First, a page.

Tuesday, 27 February 2018

History: from darkness to light?

From Darkness to Light (image by Imen Bouhajja, CC BY-SA 4.0)

One view of history, perhaps perverse, is to see much, if not most of human history as a picture of prejudice, myth and irrationality, which has only very recently, and even today only partially, been eradicated. The latest issue of the TLS is an example. The lead article is devoted to a book about the religious writings of Isaac Newton. It is well known that Newton was a religious fanatic, yet I was surprised at the Newton revealed here.

Equal parts litigator, millenarian, numerologist, moralist and paranoid conspiracy theorist … his clandestine, lifelong and almost entirely fruitless obsession with the subordinate status of Christ
(Oliver Moody, review of Priest of Nature: The religious worlds of Isaac Newton, TLS Feb 23 2018)

We are talking here about the man who is revered as one of the founders of modern mathematics, claimed by some to be the greatest scientist who ever lived. A few pages later, there is a study of several medieval historians. These writers, dating back some six or seven hundreds of years, display a vast array of blatant prejudice.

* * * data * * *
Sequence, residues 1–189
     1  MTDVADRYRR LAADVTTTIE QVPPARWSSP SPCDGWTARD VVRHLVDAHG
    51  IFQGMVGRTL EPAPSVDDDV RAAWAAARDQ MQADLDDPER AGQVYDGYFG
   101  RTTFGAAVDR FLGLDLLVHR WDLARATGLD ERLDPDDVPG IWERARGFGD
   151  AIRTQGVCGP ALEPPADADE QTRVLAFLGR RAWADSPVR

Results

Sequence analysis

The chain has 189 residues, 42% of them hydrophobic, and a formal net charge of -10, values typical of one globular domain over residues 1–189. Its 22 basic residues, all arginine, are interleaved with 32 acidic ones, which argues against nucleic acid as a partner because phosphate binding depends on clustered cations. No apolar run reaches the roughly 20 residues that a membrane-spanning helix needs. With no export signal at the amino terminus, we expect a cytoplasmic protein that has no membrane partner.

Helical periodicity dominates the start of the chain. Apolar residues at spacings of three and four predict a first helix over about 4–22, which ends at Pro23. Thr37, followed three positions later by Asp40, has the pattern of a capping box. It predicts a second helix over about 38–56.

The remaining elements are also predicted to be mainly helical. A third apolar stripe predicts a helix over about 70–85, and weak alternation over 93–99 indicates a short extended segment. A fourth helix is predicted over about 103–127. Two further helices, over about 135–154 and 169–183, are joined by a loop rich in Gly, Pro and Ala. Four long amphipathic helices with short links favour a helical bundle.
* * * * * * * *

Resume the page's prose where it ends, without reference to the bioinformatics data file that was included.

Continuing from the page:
Clerical misogyny drove both Gervase of Canterbury and William of Newburgh to attribute the failure of the Second Crusade to a lack of chastity in the camps (Leon Craig, TLS Feb 23 2018, p10)

What nonsense is this? Are we supposed to take these historians seriously? And of course the medieval historians reveal rampant anti-Semitism, with references to the so-called blood libel. Perhaps we should be more surprised at any evidence at all of reasonable thought before the Enlightenment. The sheer otherness of earlier cultures is at times overwhelming. Did anyone ever think rationally?

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